|Publication number||US7839203 B1|
|Application number||US 11/042,364|
|Publication date||Nov 23, 2010|
|Filing date||Jan 24, 2005|
|Priority date||Jan 24, 2005|
|Publication number||042364, 11042364, US 7839203 B1, US 7839203B1, US-B1-7839203, US7839203 B1, US7839203B1|
|Inventors||William MacLean, Paul David Ranucci|
|Original Assignee||National Semiconductor Corporation|
|Export Citation||BiBTeX, EndNote, RefMan|
|Patent Citations (9), Referenced by (7), Classifications (4), Legal Events (1)|
|External Links: USPTO, USPTO Assignment, Espacenet|
The present invention relates to electrical circuits which charge or discharge a capacitor and, in particular, to an adaptive network that tailors the charge/discharge rate of a capacitor over a range of pre-selected voltages.
Techniques for charging or discharging a capacitor include open-loop switches and various types of linear buffers. A simple series circuit composed of a voltage source, switch and capacitor will cause the capacitor to charge when the switch is closed. An open-loop switch diverts current from more useful parts of the circuit. Further, an open-loop switch is limited by the source impedance of the voltage reference node in combination with the impedance of the switch itself. For particularly large values of resistance and/or capacitance, an open-loop switch charge/discharge system can have an RC time constant which may be too long. Connecting a simple switch between the two nodes is limited to configurations where the RC delay created by the reference source impedance in combination with the capacitor's impedance is small, and where it is acceptable to draw current from the reference node.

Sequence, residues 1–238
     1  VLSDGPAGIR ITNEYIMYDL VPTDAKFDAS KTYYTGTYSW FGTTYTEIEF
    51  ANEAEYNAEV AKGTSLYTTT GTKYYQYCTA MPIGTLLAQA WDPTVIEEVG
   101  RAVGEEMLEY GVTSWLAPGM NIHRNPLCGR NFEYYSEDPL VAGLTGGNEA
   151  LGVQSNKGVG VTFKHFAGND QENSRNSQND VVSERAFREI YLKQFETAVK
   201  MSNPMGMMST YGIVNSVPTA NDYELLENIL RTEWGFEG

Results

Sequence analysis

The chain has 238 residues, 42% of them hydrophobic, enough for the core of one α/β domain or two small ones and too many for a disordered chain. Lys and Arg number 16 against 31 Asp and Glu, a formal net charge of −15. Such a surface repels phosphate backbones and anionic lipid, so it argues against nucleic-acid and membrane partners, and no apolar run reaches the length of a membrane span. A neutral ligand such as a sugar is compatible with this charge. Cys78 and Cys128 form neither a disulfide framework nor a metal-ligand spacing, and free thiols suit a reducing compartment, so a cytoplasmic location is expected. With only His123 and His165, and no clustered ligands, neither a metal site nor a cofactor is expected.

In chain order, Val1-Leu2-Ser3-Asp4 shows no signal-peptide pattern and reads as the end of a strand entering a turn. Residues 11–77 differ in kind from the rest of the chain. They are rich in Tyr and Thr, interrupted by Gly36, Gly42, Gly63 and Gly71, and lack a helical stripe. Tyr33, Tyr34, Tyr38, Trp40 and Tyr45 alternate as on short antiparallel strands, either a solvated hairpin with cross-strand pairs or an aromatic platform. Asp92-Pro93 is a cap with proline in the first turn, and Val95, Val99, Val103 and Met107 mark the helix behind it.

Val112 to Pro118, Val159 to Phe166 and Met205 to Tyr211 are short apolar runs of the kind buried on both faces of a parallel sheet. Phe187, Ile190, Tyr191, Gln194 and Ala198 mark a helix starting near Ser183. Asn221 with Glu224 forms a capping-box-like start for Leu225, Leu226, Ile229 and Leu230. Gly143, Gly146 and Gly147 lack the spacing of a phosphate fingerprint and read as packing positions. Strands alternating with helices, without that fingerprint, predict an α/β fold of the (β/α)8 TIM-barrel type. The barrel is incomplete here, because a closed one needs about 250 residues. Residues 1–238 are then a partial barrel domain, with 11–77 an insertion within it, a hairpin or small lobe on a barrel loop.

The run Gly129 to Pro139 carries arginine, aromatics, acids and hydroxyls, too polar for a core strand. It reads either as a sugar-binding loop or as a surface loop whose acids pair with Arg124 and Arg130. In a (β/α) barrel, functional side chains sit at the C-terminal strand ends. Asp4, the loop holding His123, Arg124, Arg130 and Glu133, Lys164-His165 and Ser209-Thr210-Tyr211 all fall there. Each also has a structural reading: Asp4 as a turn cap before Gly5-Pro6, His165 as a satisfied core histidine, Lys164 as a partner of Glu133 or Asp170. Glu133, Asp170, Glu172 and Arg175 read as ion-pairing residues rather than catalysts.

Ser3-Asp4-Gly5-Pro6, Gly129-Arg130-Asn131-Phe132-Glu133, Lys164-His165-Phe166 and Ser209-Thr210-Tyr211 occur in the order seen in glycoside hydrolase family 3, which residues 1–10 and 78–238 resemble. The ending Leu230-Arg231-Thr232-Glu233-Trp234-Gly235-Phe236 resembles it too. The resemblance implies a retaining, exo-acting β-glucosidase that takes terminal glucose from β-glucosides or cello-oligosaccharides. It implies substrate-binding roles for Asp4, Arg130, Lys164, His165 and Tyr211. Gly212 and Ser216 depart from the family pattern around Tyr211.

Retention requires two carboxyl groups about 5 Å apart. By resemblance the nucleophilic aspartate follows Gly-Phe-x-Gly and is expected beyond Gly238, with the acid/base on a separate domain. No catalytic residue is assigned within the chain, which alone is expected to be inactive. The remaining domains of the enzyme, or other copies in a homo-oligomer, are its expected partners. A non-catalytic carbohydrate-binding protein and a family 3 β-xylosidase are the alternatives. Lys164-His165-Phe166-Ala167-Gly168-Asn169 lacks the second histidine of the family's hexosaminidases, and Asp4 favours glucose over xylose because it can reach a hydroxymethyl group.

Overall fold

Using a linear buffer to drive a capacitor to a particular voltage eliminates an overshoot error, however, an error due to offset in the buffer still exists. Linear buffers require a power output stage or large quiescent current for applications requiring charging a large capacitor quickly. For linear buffers using more than one gain stage it is difficult to compensate for a large range of output capacitor values. A linear buffer with high quiescent current is typically unacceptable in a circuit functioning only during error conditions. Further, a linear buffer is not suitable for operation near the supply rail voltages, because most buffers lose gain near the supply rails.
By way of overview and introduction, an adaptive capacitor charge/discharge network is presented. The adaptive capacitor charge/discharge network includes a switched network for charging/discharging a capacitor and a control block that digitally controls the switched network to achieve charge and discharge operations quickly, efficiently and with minimal error in capacitor voltages. The adaptive capacitor charge/discharge network controls the capacitor voltage level, and the voltage rate-of-change, as a function of time by altering the switch states. Thus, the capacitor's charge/discharge current flow is tailored to a desired waveform.
With reference to
Within each group of circuit branches, each branch has a first terminal commonly connected with a first terminal of each other circuit branch of the group and to either Vdd or Vss, where Vdd is a voltage source that is at a higher potential than voltage source Vss. A second terminal of each branch within the circuit group is commonly connected with a second terminal of each other circuit branch of the group and to a first plate of a capacitor C. The second plate of the capacitor C is connected to either Vdd or Vss.
If the second plate of capacitor C is terminated at Vss, current sources I1-I4 charge the capacitor when respective switches SWA-SWD are closed. The capacitor is discharged through current sources I5-I8 when respective switches SWE-SWH are closed. If the capacitor C is terminated at Vdd, current sources I5-I8 charge the capacitor and current sources I1-I4 discharge the capacitor. Where applicable, the remaining discussion relates to the configuration where the second plate of the capacitor is terminated at Vss.